Vietnamese New Year is still intact


With Stacy Bui and many other Vietnamese Americans, the space and colors of the New Year New Year in America are not as lively as every year, but the mind of the traditional New Year is still intact.

Tourists take photos at South Coast Plaza, Costa Mesa city, California state on February 11 (Tet 30). Photo source: Orange County Register

If Vietnamese people now Orange County, California There were two vibrant and colorful parades celebrating Tet Canh Ty, and this year this activity was absent. In the Covid-19 period, instead of hosting the live parades and festivals that last for many days, much of this year’s New Year celebrations took place quietly throughout Southern California. However, Covid-19 could not break the atmosphere of Vietnamese generations eager to welcome Tet here.

The feeling of expecting the red envelopes on New Year’s Day never ceases with Stacy Bui, a 17-year-old resident of Westminster, Orange County, although other traditional activities in this year’s New Year must change due to epidemics. sick.

“We often go to grandma’s house with all the girls, uncle and children. People often bring Vietnamese food and enjoy together,” Stacy Bui shared with Orange County Daily ‘The Orange County Register’ about the family’s traditional Tet holiday.

Every Tet holiday, families often organize games, children set off firecrackers, and most of the aunties wear traditional ao dai or silk dresses, Stacy Bui recalls. After the reunion dinner, her family congratulated the elders, first of all, the grandparents.

“They (grandparents) sit on two chairs in the middle of the living room and we line up to pay homage and wish them a good year,” Stacy Bui said. After sending their best wishes to grandparents, about 30 relatives in turn congratulated the next elderly family member.

However, this year’s New Year’s Eve, Stacy Bui’s family wants to pay homage to the elders in the house by not organizing a large reunion. “We are not planning a party. But still visit her house and celebrate, then come home as soon as possible,” said Stacy Bui.

As usual every year, before that, she and her mother Lisa Bui went to the Flower Festival outside Asian Garden Shopping Center earlier this week to find and buy some kinds of flowers on Tet holiday. Every year this mall usually holds the outdoor sales session, but this year the number of sellers is much less.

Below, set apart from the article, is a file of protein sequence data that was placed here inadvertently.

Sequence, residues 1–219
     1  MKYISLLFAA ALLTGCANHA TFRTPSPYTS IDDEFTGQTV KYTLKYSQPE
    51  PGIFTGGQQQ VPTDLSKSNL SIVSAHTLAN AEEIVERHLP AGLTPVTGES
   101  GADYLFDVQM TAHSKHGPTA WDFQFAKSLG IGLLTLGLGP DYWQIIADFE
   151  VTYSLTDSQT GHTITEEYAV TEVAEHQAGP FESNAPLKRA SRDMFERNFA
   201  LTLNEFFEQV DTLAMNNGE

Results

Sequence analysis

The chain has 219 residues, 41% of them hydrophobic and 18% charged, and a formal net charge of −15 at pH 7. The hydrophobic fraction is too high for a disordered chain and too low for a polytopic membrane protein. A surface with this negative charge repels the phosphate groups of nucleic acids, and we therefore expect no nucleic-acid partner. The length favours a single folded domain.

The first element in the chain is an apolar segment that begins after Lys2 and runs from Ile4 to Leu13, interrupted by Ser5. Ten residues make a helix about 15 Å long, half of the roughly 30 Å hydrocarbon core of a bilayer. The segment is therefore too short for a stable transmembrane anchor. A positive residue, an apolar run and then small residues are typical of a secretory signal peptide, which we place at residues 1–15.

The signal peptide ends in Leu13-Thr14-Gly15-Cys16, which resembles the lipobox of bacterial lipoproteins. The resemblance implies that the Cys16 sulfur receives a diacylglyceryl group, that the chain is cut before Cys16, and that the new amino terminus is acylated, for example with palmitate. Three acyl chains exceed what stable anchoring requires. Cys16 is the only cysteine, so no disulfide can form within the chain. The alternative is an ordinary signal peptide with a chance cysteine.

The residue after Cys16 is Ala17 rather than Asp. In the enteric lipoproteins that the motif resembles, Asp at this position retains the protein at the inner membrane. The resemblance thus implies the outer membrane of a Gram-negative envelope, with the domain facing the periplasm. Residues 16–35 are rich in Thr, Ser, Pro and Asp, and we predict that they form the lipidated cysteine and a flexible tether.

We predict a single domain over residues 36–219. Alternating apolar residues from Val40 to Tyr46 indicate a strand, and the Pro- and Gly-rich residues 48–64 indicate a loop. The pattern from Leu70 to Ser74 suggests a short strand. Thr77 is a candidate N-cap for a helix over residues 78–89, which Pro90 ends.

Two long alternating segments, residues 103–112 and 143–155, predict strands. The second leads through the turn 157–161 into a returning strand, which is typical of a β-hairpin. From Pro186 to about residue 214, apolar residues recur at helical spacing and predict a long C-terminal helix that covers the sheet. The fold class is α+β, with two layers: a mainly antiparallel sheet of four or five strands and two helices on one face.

Across Southern California, malls, restaurants and other businesses hope to still attract customers with their Tet specialties and decorations. But this is not easy in the context of the measures against Covid-19.

Covid-19 ruined the plan to welcome the New Year, but it did not stop a Vietnamese restaurant from joining hands to help the community to celebrate Tet.

“Tet is the biggest holiday. So for us, it brings the tune to the whole year. Families reunite and remember ancestors. It’s a big deal,” Huong Pham told the channel. TV KABC at The Recess Room restaurant in Fountain Valley, California.

On this Tet occasion, The Recess Room restaurant has prepared hundreds of canned meals with traditional Vietnamese dishes. “We will give 500 Tet gift boxes on Sunday, February 13 to the elderly and those in need by Covid-19,” said Viet Pham, the owner of The Recess Room restaurant.

The representative also said that volunteers will deliver Tet meals to a pre-selected number of elderly, while other meals will be delivered to recipients via drive-thru service – a service to assist customers to receive gifts directly on the vehicle.

That is the new way to welcome Tet. Huong Pham shared: “Usually we get together, but this year we want to join hands to support families who cannot reunite.”

As for those who like to move and are accustomed to traveling away to visit their relatives on Tet holiday, the Covid-19 epidemic makes this habit difficult to implement. Ms. Thai Viet Phan, Commissioner of Santa Ana Council – the most populous city in Orange County, California, said she would enjoy her mother’s own banh Tet and other dishes on Tet. She also won’t have dinner with her mother and all the dishes are delivered.

“We are not in Covid’s bubble,” said Thai Viet Phan. “My sister will come to dinner, enjoy the food our mom makes and spend time together.” Talking about the Tet traditions to be ignored by Covid-19, Ms. Thai Viet Phan expressed her appreciation: “These big holidays are the most difficult”.

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